The DC Extended Animated Universe- A Consideration

Snarf Zagyg

Notorious Liquefactionist
I haven't been feeling like posting new threads recently (although I have one loosely based on Chuck Klosterman's excellent 90s book percolating), but I wanted to shine a spotlight on an oft-neglected, but kind of cool, part of the overall geek metaverse ... not to be confused with whatever The Company Formerly Known as Facebook is up to.

The DC Extended Animated Universe ("DCEAU").

For those of you not familiar with it, the DCEAU is a term I am using to include the original DCAU as well as the raft of standalone movies and newer animated series in the DC Universe.

1. The Parts of the DCEAU.

There are roughly three parts to the DCEAU.

The first part is the the "traditional" DCAU- the animated and shared universe that started in 1992 with Batman: The Animated Series, and ended with Justice League Unlimited in 2006. Confusingly, there are also some movies that are part of this shared continuity- these movies started in 1993, but the most recent one in the continuity was released in 2019 (Justice League vs. Fatal Five).

The second part is the DC Universe Animated Original Movies- these are the numerous animated movies that DC has released since 2007 (and not including the early DCAU movies, like Mask of the Phantasm). Some of these movies are part of a greater continuity (the DC Animated Movie Universe, which are 16 movies roughly following the Flashpoint Paradox) and thirty-one more, to date .... that are .... not. Many of them are based on very famous comics- but not all.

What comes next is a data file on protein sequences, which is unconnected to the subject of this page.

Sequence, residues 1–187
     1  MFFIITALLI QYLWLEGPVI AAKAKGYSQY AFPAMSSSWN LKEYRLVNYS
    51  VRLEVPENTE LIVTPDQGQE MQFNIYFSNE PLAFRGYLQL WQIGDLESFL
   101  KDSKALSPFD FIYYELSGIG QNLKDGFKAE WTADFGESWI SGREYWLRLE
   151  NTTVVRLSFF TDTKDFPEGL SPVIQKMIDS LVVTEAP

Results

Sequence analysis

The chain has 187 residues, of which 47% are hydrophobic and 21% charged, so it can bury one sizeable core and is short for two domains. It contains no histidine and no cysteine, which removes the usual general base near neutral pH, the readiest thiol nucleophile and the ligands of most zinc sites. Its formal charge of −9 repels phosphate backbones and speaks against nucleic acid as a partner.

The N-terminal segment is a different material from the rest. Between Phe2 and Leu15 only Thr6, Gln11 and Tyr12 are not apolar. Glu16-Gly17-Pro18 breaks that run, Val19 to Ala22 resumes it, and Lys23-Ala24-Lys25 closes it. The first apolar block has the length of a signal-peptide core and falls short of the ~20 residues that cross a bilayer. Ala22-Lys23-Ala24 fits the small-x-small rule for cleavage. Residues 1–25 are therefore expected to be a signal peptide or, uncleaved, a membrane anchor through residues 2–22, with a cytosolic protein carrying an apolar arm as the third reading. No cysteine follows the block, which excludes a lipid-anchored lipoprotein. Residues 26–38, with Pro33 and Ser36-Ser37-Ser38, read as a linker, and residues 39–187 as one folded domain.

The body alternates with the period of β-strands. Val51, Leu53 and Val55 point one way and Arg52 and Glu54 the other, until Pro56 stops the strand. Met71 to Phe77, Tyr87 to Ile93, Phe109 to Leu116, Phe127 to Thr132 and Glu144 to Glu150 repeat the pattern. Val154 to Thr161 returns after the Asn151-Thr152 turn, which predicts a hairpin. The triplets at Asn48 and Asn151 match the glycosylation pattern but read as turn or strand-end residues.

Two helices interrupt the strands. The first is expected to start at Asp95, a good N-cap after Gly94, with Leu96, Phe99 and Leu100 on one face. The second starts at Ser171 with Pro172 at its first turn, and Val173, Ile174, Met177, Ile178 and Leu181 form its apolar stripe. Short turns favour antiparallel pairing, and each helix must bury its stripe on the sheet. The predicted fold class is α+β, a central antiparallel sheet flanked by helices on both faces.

The third part consists of a grab-bag of animated movies that aren't part of the DCAOM (such as Teen Titans Go! to the Movies) and newer animated series that aren't in the DCAU continuity (from Young Justice to Harley Quinn).

In short ... there's a lot of there, there. A ton of animated series, and a ton of animated movies. All of it part of the greater DCEAU.


2. Maximum DC, Maximum HBO.

What if everything you ever wanted came in a rocket can? Home Box Office. Maximum Rocket Edition!